Recently I was able to shoot outdoors with a new model. I’ve had this unexplainable desire to make more environmental portraits, as an extended exploration of my Formula of Feeling series. Perhaps it’s a phase that I’m going through, or maybe I haven’t looked at enough Rineke Dijkstra or Justine Kurland images to discourage these naive but honest pursuits. When I can make a portrait of atmosphere or presence without having to focus on a body, I am absolutely drawn to the quiet tension that is produced as a result of the presence of life. It’s like standing right in front of someone but staring at their neck. The anticipation that lingers is immense, despite the lack of physical activity occurring within the scene. They may not be your traditional headshots, but I definitely regard them as portraits of feelings rather than the documentation of facial mapping. I hope that counts.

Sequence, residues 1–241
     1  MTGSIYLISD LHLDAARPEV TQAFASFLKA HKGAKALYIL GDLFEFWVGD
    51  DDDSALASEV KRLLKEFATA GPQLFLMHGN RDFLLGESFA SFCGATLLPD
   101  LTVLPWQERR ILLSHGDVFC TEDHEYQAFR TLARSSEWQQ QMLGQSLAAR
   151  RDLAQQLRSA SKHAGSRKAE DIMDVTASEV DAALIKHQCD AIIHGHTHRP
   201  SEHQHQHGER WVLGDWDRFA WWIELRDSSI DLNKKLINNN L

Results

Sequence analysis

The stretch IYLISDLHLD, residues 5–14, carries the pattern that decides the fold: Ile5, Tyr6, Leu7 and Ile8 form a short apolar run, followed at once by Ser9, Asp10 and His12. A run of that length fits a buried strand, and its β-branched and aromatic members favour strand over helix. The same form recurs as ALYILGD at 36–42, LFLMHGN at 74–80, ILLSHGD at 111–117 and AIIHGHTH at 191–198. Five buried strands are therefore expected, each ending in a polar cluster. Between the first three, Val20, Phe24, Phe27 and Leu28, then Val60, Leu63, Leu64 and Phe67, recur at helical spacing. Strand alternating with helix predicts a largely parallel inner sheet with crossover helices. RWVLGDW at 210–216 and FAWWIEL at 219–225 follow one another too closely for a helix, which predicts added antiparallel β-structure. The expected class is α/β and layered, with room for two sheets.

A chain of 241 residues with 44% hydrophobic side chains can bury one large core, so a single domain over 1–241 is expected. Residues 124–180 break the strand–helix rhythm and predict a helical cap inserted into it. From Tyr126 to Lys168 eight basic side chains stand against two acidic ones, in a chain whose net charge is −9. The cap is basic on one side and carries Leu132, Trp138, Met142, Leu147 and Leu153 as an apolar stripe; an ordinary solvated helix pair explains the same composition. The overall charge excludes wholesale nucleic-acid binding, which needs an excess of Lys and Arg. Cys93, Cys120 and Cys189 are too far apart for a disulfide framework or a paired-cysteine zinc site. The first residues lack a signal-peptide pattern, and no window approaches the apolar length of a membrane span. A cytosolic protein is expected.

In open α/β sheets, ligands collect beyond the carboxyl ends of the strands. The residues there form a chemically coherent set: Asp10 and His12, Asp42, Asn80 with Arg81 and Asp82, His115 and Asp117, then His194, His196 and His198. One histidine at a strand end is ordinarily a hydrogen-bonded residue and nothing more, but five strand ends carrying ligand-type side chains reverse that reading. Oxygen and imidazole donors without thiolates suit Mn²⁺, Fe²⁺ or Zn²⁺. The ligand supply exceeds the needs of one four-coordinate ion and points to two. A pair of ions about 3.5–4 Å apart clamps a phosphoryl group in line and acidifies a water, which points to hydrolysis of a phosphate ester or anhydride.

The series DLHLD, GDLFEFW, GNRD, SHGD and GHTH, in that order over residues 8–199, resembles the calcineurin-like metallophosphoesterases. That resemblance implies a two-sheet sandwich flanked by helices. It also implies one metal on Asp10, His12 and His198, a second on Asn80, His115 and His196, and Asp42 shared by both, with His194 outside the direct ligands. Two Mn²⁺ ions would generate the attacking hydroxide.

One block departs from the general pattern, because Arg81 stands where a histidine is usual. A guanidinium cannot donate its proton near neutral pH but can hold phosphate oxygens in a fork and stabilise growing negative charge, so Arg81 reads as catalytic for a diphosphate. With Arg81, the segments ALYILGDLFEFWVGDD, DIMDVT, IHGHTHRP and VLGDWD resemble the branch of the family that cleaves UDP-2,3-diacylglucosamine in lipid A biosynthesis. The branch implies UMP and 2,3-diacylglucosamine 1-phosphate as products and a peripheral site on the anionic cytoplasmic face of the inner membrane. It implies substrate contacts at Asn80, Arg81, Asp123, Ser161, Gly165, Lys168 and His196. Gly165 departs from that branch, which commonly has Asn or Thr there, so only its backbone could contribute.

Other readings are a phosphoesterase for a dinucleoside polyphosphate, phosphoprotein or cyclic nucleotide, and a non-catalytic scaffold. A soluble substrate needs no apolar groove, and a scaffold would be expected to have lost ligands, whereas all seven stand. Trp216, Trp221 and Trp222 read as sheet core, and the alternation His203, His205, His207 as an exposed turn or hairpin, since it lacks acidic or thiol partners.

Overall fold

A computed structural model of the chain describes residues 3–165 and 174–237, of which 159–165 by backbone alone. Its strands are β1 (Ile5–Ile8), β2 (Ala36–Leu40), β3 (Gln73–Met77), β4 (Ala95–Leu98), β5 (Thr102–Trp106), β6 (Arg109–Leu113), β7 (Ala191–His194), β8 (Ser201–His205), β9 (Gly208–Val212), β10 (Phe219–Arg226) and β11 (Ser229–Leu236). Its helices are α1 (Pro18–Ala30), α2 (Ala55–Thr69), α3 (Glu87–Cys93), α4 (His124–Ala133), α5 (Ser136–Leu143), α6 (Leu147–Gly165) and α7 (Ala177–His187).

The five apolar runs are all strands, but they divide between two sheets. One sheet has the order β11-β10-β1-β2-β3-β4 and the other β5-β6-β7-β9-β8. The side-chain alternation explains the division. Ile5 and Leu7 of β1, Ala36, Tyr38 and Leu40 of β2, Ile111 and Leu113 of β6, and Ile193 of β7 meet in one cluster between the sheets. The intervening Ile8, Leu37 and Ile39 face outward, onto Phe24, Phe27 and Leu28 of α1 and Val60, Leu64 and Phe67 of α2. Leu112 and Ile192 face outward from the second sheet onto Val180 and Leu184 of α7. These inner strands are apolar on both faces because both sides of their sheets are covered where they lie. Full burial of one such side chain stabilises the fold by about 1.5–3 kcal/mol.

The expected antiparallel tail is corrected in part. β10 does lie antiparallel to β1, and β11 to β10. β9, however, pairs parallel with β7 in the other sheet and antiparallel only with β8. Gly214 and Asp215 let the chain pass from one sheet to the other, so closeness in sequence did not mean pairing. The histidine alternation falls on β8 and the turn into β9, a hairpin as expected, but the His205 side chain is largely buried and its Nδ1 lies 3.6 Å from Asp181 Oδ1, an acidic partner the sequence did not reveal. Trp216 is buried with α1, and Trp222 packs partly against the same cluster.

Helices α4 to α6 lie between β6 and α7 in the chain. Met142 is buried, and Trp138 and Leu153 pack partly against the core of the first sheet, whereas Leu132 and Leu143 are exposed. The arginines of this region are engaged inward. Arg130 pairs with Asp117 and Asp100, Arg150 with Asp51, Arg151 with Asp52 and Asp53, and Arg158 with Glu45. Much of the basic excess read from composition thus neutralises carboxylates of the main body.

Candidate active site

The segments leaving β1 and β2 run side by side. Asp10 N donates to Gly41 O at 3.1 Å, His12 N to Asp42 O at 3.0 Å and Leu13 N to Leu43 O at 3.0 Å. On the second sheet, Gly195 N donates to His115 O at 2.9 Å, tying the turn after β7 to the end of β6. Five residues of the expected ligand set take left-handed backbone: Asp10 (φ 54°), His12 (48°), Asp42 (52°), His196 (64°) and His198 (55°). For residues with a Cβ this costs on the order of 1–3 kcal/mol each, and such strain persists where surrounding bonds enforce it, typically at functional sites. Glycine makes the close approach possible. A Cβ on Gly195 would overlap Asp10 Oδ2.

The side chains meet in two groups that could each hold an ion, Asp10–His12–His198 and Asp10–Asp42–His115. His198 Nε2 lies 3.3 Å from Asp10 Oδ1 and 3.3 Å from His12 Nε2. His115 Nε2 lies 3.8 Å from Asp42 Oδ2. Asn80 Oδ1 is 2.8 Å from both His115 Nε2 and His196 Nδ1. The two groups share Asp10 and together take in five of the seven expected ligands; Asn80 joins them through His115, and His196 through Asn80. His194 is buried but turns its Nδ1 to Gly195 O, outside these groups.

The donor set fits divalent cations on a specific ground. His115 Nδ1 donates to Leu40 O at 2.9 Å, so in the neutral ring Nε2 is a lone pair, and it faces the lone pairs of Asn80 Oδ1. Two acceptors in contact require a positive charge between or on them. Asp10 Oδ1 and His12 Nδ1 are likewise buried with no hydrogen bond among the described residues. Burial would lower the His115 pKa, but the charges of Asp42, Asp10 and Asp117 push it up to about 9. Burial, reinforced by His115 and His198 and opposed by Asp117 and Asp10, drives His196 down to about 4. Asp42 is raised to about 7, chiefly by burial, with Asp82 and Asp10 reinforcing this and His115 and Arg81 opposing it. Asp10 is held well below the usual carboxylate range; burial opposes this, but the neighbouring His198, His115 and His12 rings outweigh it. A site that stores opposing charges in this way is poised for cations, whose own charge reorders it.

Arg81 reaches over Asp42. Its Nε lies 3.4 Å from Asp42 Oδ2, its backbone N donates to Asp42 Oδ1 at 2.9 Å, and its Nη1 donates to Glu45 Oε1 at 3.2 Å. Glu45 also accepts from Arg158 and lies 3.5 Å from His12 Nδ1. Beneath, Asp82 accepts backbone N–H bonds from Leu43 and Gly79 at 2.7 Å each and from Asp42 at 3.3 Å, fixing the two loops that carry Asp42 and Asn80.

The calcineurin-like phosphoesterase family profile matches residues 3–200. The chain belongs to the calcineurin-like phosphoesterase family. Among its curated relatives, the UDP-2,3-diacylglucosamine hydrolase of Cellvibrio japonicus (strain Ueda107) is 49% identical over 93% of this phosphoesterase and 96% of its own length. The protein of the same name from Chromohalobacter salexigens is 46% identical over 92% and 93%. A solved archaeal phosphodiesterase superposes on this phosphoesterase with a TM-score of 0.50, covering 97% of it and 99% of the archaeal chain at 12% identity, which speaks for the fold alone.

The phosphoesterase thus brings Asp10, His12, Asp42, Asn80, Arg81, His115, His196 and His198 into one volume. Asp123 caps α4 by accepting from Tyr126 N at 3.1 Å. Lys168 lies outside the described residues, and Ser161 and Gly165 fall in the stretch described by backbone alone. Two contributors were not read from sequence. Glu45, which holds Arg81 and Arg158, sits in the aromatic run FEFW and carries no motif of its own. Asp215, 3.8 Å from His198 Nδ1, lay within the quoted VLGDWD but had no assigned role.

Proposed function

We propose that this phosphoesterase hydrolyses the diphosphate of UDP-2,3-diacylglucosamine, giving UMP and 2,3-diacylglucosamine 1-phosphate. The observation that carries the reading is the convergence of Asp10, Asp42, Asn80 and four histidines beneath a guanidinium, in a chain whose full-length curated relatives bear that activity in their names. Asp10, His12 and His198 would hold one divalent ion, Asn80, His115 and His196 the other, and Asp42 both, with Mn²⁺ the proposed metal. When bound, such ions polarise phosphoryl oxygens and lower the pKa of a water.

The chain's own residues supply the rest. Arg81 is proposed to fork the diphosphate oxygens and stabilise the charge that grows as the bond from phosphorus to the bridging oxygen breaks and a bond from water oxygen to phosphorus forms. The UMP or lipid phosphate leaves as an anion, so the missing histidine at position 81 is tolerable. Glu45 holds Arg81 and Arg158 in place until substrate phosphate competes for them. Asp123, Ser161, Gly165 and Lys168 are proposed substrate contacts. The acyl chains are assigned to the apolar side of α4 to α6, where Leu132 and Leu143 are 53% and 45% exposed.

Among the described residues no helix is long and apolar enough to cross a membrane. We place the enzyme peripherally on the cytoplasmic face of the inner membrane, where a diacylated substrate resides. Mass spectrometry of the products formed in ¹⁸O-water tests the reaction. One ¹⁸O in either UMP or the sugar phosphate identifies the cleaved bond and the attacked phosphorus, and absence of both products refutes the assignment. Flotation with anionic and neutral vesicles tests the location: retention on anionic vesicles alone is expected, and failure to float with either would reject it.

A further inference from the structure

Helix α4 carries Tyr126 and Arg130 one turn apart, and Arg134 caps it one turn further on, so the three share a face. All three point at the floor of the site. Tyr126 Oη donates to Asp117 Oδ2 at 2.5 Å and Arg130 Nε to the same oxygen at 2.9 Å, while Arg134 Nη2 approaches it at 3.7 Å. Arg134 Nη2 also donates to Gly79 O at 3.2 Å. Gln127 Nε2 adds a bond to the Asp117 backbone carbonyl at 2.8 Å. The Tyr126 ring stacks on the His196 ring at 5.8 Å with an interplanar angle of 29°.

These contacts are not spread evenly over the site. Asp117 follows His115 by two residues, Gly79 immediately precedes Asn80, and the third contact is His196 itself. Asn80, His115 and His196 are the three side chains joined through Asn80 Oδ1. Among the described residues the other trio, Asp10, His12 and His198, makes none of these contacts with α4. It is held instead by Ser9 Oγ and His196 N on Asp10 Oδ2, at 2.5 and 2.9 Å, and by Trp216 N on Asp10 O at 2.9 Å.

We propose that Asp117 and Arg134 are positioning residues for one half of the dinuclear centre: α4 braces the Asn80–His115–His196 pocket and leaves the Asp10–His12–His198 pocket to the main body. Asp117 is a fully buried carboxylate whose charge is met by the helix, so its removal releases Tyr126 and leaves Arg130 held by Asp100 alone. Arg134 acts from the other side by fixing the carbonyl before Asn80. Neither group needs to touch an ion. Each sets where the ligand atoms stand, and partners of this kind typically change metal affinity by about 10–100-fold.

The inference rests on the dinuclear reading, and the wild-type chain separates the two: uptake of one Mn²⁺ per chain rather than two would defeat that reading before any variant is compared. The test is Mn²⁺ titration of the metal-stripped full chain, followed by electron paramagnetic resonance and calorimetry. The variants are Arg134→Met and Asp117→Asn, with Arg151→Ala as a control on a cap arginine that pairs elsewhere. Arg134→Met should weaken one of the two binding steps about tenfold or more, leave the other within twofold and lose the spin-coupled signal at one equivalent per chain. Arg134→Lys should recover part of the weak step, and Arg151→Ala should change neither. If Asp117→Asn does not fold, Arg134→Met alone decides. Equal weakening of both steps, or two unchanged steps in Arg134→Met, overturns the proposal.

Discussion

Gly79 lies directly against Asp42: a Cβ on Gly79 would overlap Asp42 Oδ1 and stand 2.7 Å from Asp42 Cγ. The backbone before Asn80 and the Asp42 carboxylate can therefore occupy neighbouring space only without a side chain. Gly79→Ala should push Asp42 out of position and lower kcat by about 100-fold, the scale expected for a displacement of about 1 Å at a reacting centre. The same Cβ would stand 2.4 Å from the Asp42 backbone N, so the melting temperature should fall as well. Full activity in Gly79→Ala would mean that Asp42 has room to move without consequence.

I’m still trying to identify where exactly this interest is coming from. I’ve always believed in something called the Almost Perfect. It is being granted the ultimate indulgence accompanied by the most charming restriction; it is impossible to show resentment, but more practical to settle on a compromise. It’s like how music communicates emotion without influencing you with the vanity of words, but instead lulling you with the appeal of transcendence. It could also be like watching a recording of a forest fire but in slow motion: you anticipate the outcome, you have enough information to formulate the sequence, but there is something preventing its fluidity or its fulfillment.